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The objective of this document is to show you how to access the Web User Interface (UI) on a Cisco Business switch that is not on an existing network.
One of the easiest ways to configure settings and make changes on a switch is by accessing its Web UI. The Web UI is also referred to as the web-based interface, web-based guidance, web-based utility, web configuration page, or web configuration utility.
Every switch listed below is a managed switch and comes with a Web UI. This type of interface, what you see on your screen, shows options for selection. You do not need to know any commands to navigate through these screens. The Web UI gives the administrator a tool that contains all of the possible features that can be changed to modify the performance of a switch. In addition, the Web UI can give access to a guest account allowing the user to view the settings without allowing any changes.
When setting up a new switch, Cisco Business recommends you do the configurations for the switch before connecting it to your network. This can help avoid potential issues and conflicts.
If you want to access the CLI of a switch that is already on a network, check out Access the CLI via PuTTY using a Console Connection on 300 and 500 Series Managed Switches.
When doing these configurations, you should not be connected to a Virtual Private Network (VPN) or the Internet.
Since the switch isn't on a network, you can connect one end of an Ethernet cable to a numbered port on the switch and the other end to your computer. Make sure the switch has power. An adapter might be needed for the computer, depending on the model.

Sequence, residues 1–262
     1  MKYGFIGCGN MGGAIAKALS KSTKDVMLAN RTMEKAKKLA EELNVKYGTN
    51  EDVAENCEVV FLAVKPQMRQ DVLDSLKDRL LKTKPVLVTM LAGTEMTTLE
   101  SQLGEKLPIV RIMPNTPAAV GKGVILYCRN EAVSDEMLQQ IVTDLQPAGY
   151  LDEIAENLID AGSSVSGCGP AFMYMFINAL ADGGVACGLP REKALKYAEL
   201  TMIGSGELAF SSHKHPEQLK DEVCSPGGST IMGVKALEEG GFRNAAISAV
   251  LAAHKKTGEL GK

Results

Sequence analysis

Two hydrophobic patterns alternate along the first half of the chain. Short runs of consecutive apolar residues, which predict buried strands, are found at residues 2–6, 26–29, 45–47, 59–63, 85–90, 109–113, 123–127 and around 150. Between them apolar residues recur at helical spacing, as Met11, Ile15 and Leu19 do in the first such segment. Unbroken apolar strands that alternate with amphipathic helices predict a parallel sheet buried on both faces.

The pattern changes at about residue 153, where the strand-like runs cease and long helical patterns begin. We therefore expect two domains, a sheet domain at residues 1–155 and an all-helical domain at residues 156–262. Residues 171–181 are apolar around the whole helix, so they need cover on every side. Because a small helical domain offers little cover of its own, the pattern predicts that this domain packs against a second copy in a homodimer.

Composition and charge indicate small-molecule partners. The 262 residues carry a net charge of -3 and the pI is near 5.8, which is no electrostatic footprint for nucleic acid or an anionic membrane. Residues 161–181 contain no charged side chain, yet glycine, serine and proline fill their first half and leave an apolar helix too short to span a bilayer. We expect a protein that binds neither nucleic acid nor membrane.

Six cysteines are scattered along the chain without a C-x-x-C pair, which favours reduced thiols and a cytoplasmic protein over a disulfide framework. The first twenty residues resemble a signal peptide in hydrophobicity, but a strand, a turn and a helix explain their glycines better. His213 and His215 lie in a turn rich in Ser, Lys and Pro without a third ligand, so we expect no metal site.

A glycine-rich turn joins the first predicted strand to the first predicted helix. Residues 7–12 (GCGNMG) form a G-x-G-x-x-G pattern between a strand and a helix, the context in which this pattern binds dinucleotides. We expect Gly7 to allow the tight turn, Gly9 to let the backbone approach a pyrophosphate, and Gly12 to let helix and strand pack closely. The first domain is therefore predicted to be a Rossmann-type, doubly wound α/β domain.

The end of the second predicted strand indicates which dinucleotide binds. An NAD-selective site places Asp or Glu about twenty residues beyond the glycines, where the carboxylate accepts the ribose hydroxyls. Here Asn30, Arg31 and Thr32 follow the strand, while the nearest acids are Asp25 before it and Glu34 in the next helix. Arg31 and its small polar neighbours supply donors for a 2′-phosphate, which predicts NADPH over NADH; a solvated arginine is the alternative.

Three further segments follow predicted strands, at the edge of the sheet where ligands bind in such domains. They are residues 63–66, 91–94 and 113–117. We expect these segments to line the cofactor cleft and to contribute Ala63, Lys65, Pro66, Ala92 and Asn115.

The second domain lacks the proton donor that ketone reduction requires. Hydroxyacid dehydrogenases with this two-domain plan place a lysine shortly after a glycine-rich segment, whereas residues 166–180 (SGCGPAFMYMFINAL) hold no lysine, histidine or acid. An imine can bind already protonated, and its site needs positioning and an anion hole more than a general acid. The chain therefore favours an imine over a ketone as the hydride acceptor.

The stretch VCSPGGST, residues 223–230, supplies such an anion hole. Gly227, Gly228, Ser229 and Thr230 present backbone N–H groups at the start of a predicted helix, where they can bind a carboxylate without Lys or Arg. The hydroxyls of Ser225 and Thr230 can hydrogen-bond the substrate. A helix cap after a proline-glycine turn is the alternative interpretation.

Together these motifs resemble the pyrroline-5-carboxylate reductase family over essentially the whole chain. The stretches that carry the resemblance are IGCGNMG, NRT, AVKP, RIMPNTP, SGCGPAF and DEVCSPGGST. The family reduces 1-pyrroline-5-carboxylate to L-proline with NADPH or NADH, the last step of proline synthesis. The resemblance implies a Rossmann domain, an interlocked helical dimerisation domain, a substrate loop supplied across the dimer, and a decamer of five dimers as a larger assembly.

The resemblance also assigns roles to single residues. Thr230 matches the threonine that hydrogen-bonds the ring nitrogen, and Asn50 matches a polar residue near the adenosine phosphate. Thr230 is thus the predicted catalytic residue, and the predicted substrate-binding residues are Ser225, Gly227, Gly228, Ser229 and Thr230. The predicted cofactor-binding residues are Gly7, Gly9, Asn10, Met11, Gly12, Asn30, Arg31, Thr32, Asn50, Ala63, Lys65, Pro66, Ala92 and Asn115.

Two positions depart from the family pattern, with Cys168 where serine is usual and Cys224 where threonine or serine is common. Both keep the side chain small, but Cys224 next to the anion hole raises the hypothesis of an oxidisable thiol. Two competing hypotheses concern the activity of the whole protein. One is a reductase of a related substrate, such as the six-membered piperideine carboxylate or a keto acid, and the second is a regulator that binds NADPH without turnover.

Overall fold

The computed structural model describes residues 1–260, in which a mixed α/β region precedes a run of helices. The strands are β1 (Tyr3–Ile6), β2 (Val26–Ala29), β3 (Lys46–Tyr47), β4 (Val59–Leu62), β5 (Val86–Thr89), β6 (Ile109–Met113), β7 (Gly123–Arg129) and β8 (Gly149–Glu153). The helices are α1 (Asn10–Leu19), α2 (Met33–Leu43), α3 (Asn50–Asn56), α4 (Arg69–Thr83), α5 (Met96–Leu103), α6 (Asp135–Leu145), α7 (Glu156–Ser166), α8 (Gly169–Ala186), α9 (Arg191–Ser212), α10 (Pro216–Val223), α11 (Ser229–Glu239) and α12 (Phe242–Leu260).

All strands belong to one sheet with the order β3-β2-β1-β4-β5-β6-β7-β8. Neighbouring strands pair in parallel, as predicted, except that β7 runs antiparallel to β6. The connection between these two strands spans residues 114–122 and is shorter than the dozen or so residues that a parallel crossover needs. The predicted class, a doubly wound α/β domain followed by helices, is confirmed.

To access the Web UI, you need to know the IP address of the switch. To keep it simple, proceed with one of the following options:
Now that you know the IP address of the switch, you can access the Web UI.
Open up a web browser.
If you do not see the web browser you wish to use, you can access it at the bottom left search bar on a Windows computer. Start typing in the name of the application and select it when listed as an option.
Enter 192.168.1.254, or the static IP address if configured, and click Enter on your keyboard. This should open the Web UI, first displaying the log in screen.
When accessing a switch, this default IP address only applies in situations when the switch is not connected to a router and your computer is connected directly to the switch. If the switch is connected to a router, Dynamic Host Configuration Protocol (DHCP) will, by default, assign an IP address and it may be different.
If you see a login screen, skip to Step 8.
If you receive a warning that it is unsafe. This is because you don’t have a certificate registered for the switch. You can choose Proceed, Add Exception, or Advanced. This will vary by web browser.
If you have a pop-up blocker you will need to click to allow the pop-up before you can proceed. The notification usually appears at the top right of the screen.
In this example, Chrome was used for a web browser. This message appears, click Advanced.
A new screen will open and you need to click on Proceed to (IP address used to access the switch) (unsafe).
If you are using Firefox as a web browser, you would click Advanced.
Click Add Exception.
Click Confirm Security Exception.
You then need to enter a username and password. The default credentials are cisco for both the username and password the first time. Older switches may use admin as the default username and password. It is highly recommended that you change the password to be more complex for security purposes.